People across several parts of Australia recently enjoyed an unexpected show: A green “fireball” streaked its way across the night sky long enough to allow people to capture it on video. One of those videos, immediately below, gives a good sense of the excitement of seeing the mysterious, glowing object. Although the video is (hilariously) NSFW, so keep that in mind before watching the clip at full volume. (But you’re at home, so your cats will get over it.)
Gizmodo picked up on news of the glowing, green fireball, which was reported by ABC Pilbara. According to ABC, citizens spotted the fireball in the Pilbara region of Western Australia, and elsewhere, just before 1 a.m. on June 15.
Although the object has not been identified yet, ABC says that there is “speculation among astronomy enthusiasts” suggesting that it could’ve been the remains of a recently launched rocket. But at least one expert thinks that it was probably a natural object.
Renae Sayers, from Curtin University’s Space, Science and Technology Centre, told ABC that “What we tend to see, when objects like space debris, or if it’s a satellite burning up… is sort of like crackles and sparks.”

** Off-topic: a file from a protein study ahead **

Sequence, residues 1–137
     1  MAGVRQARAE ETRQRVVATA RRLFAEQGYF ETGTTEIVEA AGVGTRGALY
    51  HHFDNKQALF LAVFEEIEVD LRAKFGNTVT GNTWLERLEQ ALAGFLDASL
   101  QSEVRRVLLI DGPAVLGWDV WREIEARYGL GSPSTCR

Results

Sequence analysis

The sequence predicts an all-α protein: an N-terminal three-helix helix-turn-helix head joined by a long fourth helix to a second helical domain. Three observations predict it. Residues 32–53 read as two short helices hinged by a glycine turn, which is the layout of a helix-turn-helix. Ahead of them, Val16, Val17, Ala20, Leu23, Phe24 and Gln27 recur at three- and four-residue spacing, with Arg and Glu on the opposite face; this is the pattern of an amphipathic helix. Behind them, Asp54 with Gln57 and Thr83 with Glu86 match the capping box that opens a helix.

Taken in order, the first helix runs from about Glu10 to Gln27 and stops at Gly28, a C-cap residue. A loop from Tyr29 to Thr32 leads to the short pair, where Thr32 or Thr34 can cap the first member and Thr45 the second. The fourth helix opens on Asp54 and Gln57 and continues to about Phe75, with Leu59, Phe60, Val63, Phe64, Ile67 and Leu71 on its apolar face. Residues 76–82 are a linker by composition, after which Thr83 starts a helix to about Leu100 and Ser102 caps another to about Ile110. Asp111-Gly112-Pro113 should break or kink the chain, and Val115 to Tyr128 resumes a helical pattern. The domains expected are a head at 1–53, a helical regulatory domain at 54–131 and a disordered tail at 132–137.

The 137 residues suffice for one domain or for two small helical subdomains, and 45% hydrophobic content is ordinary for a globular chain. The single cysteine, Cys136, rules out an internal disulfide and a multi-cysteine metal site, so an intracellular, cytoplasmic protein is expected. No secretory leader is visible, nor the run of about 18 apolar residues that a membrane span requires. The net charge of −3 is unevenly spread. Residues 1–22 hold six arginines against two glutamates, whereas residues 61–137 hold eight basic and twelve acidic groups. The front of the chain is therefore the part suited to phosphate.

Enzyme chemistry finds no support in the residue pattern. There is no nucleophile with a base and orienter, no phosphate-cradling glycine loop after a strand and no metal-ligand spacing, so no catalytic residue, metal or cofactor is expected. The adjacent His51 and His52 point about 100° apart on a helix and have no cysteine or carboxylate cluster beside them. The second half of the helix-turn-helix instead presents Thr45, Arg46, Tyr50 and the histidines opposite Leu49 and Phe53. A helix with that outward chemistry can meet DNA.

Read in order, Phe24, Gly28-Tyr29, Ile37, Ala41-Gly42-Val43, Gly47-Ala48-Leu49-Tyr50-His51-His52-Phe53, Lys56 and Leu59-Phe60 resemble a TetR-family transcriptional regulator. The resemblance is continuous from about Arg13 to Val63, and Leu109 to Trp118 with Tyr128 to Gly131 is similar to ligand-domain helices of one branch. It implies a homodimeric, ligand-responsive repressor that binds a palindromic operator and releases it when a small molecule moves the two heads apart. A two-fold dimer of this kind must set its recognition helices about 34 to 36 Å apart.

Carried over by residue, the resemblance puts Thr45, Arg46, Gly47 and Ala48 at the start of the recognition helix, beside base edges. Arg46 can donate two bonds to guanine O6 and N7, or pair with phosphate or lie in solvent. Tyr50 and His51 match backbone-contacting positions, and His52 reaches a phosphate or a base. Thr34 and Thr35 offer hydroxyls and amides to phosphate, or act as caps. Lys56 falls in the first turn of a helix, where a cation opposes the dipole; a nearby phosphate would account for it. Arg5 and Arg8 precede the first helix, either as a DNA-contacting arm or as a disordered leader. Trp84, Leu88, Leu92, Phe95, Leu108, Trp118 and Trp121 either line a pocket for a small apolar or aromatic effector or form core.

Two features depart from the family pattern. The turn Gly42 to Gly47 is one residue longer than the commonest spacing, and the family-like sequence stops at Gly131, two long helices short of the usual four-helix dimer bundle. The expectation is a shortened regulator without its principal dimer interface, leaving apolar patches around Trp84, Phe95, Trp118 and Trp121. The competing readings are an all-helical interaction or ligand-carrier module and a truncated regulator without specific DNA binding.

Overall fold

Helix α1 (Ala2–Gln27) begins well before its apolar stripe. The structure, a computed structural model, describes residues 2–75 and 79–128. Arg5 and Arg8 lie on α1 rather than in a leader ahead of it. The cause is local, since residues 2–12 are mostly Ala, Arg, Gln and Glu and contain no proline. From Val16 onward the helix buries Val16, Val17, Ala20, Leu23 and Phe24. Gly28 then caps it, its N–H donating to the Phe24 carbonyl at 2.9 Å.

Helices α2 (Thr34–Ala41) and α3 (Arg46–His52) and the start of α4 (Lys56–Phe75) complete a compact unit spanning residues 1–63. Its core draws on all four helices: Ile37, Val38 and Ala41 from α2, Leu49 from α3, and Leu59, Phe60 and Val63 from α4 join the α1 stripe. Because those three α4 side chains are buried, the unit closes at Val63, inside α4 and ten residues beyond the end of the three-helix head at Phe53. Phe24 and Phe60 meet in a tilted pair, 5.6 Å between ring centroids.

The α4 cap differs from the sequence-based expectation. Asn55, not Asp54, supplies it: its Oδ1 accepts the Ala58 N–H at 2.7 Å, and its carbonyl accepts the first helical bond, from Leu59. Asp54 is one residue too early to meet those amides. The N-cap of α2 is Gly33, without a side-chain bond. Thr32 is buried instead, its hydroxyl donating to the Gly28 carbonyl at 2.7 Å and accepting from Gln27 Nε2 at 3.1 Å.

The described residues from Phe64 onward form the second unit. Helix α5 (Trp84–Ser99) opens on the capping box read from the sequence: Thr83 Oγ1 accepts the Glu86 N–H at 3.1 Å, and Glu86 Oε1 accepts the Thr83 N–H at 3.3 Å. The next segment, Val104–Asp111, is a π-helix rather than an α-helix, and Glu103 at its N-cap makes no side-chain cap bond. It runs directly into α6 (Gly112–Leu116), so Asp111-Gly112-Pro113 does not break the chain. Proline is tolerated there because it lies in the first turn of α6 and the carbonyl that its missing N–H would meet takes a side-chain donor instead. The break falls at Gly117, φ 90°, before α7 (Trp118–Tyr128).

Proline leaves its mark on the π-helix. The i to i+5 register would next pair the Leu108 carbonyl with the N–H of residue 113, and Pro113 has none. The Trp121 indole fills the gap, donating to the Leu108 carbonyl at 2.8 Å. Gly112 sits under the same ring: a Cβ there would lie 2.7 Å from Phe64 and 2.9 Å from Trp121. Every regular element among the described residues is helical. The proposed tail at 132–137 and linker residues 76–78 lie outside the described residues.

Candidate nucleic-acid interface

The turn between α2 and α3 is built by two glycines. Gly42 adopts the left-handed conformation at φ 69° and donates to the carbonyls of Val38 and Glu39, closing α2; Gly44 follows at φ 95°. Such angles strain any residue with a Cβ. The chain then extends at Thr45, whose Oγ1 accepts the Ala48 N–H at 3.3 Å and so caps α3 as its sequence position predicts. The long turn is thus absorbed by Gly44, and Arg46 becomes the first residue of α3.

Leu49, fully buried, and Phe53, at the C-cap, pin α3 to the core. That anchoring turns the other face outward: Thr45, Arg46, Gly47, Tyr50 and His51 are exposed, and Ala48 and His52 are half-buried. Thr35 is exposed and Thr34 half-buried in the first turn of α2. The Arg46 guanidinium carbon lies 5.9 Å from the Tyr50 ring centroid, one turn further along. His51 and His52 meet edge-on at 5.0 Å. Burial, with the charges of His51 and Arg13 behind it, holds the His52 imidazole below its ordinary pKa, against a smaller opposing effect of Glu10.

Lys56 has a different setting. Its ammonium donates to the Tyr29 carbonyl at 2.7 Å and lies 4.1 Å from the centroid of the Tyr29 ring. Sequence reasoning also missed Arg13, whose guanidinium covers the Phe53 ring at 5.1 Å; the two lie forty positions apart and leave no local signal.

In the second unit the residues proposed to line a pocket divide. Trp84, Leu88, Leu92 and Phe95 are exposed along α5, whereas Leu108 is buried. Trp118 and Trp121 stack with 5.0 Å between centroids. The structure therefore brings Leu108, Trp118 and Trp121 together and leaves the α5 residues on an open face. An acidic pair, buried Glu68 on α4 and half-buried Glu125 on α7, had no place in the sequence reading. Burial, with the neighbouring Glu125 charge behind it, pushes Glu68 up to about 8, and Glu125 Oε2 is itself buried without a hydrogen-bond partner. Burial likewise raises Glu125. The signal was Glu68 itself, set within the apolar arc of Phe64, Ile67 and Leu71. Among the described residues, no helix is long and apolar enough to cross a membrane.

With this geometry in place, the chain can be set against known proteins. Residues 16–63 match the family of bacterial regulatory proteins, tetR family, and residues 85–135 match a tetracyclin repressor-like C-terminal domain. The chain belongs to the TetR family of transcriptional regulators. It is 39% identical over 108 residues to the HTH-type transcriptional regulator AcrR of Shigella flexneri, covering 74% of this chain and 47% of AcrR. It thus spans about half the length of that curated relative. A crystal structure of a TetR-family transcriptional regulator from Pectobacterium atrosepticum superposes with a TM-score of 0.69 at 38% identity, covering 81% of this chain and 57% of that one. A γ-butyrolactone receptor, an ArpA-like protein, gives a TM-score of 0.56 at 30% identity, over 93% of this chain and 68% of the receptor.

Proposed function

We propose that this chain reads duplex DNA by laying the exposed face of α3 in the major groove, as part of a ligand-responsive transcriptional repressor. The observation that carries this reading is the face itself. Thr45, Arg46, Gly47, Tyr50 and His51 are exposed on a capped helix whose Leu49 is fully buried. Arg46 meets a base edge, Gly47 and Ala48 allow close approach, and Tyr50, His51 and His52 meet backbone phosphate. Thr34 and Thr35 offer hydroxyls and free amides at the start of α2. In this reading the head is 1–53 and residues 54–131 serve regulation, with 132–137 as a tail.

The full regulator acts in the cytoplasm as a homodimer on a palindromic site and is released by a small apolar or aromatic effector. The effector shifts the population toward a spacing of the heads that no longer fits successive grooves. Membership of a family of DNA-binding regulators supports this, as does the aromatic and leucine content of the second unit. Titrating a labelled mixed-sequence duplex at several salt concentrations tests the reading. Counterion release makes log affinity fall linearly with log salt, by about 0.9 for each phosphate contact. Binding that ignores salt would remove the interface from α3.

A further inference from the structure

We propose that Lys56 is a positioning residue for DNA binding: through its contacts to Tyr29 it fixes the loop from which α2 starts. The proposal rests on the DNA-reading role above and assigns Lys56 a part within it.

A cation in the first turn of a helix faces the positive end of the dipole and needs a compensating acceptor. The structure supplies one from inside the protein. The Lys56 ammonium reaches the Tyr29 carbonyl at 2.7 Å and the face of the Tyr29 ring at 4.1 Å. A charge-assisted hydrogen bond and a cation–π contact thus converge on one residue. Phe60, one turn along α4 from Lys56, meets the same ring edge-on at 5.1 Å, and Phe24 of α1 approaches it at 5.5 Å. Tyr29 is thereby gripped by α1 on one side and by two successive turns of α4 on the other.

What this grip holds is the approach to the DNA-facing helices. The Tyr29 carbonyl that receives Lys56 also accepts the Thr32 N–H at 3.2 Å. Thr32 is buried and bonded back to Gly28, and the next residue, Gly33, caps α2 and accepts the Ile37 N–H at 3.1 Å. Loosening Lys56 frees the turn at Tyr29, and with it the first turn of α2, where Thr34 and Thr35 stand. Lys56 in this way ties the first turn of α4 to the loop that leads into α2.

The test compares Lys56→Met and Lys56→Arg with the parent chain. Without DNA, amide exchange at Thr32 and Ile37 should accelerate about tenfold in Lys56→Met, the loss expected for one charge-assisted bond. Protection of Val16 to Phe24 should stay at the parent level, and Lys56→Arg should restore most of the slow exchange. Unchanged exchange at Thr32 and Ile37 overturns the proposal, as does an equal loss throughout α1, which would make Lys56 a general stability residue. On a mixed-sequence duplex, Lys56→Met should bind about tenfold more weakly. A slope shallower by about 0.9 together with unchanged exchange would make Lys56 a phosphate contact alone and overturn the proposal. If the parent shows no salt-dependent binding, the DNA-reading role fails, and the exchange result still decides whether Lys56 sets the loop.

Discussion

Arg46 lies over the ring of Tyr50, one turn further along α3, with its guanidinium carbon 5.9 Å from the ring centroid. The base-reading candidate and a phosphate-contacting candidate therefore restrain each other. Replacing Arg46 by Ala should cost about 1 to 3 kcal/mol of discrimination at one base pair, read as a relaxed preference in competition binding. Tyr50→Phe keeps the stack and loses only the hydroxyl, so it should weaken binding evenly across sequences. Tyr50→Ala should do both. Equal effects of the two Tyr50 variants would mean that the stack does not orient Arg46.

She added that “This is due to the fact that there is stuff burning up — so you’ve got solar panels going all over the place, you’ve got hunks of metal moving around as it’s burning up through our atmosphere.”
Sayers says that this green fireball, on the other hand, “is quite a clean shot” and showed “quite a strong line” without too much fragmentation. Sayers did note, however, that “The jury’s still out,” and that “it could be space debris, or it could be a grazing fireball encounter.”
Fireball ☄️ captured June 14, soaring through the night skies of Barrow Island, Pilbara, Western Australia. pic.twitter.com/6YGnuQjzW8— Farhang F. Namdar (@FarhangNamdar) June 16, 2020
There are other experts who have the object pegged as a meteor. Matt Woods from the Perth Observatory, for example, told Perth Now that this was indeed a meteor, and that the green color was the result of the rock’s magnesium burning up in the atmosphere. Woods also said that the meteor was probably no bigger than a pebble. It looks to have been traveling at a speed of somewhere between 10 and 31 miles per second.
While Woods says that the meteor most likely burned up before it hit Earth, Sayers thinks it’s possible that it “kicked back out into interstellar space”. And while it’s impossible to say what the object was or where it is now, it will surely be remembered for its spectacular, expletive-inducing display.
What do you think about this mysterious green fireball caught flying over Australia? Do you have any guesses as to what it is? Light up the comments with your hypotheses, people!